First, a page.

Have you given any thought to your personal brand?
I hadn’t, up until a few months ago. “Branding yourself” was just a buzz-phrase to me. Something I heard about regularly, but didn’t really notice.
Boy, was I wrong to do that!
I had personal branding confused with conjuring up some radical image of who you thought you could be and pushing it on people.
As it turns out, branding is all about being authentic and making sure the message people hear about you is true to your goals.
So today, I’m going to explain the four steps of creating your personal online brand, along with why you should do it and how it’ll help your web-writing business.
Branding: What’s the Point?
In a nutshell, personal branding is the process we use to market ourselves to others.
Don’t confuse it with self-marketing — it’s a lot easier (and a lot more fun, if you ask me).
Really, it’s the compilation of all the information about you that’s available on the Web, especially when it comes to social media platforms. The sum of all this is your personal brand.
Your goal, then, is to make sure that whatever your personal brand says about you is what you want it to say about you.
Why brand yourself in the first place? For these benefits:
- You’ll be the go-to person for whatever specific skill you zero in on
- You can be an asset to your clients and professional network
- A solid brand to stand behind gives you terrific self-confidence
- Complete strangers — and new clients — will reach out to you, unsolicited (a plus if you dislike self-marketing)
- You’ll direct your ship, instead of becoming a gerbil on your client’s wheel
Most people think branding is something only big companies and celebrities do. But if you put some thought into it, you can use the same strategies and gain the same benefits. This is especially true thanks to social media, which effectively levels the playing field. Done right, you can have just as big a presence as a large company can.
What you want is something that realistically portrays your strengths and weaknesses. Something that tells people what you’re good at, what you love to do, and which professional skills you’ve mastered.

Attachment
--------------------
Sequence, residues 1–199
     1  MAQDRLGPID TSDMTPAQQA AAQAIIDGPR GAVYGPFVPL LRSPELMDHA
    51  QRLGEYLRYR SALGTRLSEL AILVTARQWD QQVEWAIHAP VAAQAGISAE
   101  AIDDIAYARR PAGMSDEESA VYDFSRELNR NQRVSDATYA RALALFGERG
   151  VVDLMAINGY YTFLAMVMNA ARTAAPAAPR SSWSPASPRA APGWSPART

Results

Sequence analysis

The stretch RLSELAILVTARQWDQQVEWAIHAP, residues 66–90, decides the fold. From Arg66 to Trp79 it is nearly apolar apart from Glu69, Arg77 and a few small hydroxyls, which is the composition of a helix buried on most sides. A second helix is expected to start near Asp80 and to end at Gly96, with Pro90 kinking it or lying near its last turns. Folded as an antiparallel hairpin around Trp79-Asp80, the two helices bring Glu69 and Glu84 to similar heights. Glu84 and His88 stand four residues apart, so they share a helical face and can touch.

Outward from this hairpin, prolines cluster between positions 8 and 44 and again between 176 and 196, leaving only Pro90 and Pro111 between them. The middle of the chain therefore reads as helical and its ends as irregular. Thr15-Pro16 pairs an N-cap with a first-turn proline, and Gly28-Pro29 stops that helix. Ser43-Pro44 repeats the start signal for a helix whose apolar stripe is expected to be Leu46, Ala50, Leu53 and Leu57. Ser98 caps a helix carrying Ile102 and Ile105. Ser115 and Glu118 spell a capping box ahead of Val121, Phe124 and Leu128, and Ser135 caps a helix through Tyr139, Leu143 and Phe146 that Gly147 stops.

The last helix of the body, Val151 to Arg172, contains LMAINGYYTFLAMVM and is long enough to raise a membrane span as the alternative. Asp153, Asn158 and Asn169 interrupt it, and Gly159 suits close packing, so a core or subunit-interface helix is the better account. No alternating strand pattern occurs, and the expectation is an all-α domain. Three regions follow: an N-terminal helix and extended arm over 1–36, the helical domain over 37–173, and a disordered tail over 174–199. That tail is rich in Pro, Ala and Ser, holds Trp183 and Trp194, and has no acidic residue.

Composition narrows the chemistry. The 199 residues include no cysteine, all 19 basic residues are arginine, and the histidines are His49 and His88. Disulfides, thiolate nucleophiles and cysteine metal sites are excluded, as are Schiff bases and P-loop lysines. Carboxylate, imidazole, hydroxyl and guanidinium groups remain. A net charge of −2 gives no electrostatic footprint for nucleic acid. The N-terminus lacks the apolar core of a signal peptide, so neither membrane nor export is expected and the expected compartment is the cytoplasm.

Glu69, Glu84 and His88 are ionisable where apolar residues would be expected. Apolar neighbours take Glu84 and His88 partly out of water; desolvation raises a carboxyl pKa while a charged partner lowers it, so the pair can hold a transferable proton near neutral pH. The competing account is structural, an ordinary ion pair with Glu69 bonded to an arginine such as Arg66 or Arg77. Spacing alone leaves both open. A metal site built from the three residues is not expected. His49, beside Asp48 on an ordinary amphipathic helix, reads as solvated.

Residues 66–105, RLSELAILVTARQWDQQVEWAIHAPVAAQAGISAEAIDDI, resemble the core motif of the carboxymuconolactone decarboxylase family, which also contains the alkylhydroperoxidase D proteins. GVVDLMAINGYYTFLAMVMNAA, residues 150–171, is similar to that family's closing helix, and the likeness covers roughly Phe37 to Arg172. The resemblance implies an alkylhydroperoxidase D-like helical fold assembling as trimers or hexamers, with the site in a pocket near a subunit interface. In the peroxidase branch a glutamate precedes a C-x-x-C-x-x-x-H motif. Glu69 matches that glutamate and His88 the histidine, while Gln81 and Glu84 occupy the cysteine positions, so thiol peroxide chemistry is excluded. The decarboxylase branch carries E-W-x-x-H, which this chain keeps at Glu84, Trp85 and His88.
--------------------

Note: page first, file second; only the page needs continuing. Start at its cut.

Step 1: Discover Your Brand
Business strategist Glenn Llopis says fewer than 15% of people have bothered to really define their personal brands and only 5% work consistently to personify it.
My goal here is to make you part of the 5%. After all, they’re the ones who move ahead in their goals to reap profits and fulfillment.
First, let’s talk about end-goals. The biggest reason for branding yourself is so you can make a living doing something you love — in this case, web writing. So, do yourself a favor. Spend a lot of time thinking about it.
Don’t just brand yourself so you can say you’ve done it. Instead, invest time thinking about what you want to do for the next several years of your web-writing career.
- Start by thinking about what you’re good at along with where you want your web-writing career to take you.
- Set mini-goals (like a specific client you want to work for, or an income goal, or a niche where you’d like to be well-known).
- Write down a Mission Statement. Don’t bother filling it with fancy wording and business terms — it’s for your eyes only. The point is to spell out what you want to do, stand for, and earn.
If you have trouble zeroing in on your goals or what you’re good at, ask your network what they think of you. A kind word of caution, though — this can be both a humbling and eye-opening experience.
Take the advice of Dan Schawbel, who wrote an article on Mashable with the perfect way to explain this: